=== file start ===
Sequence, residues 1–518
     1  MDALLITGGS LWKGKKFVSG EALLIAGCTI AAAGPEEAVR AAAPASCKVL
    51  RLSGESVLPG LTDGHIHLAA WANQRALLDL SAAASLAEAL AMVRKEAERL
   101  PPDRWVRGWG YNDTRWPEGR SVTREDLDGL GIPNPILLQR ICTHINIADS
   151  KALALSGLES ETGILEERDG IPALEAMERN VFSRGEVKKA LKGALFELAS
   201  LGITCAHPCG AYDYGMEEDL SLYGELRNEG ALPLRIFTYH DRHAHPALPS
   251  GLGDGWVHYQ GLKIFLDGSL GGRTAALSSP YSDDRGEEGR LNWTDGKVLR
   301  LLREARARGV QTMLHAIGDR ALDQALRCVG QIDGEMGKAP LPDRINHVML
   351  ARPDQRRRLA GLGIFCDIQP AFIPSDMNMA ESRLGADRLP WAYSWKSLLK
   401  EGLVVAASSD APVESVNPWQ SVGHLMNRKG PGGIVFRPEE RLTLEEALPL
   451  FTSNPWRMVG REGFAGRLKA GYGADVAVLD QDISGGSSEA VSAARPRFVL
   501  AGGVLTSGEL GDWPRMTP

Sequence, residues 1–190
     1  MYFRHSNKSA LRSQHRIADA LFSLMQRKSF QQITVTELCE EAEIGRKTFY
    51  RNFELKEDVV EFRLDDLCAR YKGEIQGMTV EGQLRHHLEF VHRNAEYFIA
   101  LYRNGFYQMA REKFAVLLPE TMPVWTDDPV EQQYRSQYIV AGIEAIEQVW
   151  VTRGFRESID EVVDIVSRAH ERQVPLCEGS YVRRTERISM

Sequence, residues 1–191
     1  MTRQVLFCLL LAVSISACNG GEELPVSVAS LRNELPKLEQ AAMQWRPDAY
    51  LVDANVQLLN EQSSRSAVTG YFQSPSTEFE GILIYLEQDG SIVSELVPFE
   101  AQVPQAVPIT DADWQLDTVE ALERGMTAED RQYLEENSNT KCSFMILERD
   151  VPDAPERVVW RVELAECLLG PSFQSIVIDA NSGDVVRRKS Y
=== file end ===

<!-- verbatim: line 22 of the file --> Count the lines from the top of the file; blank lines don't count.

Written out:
   151  VPDAPERVVW RVELAECLLG PSFQSIVIDA NSGDVVRRKS Y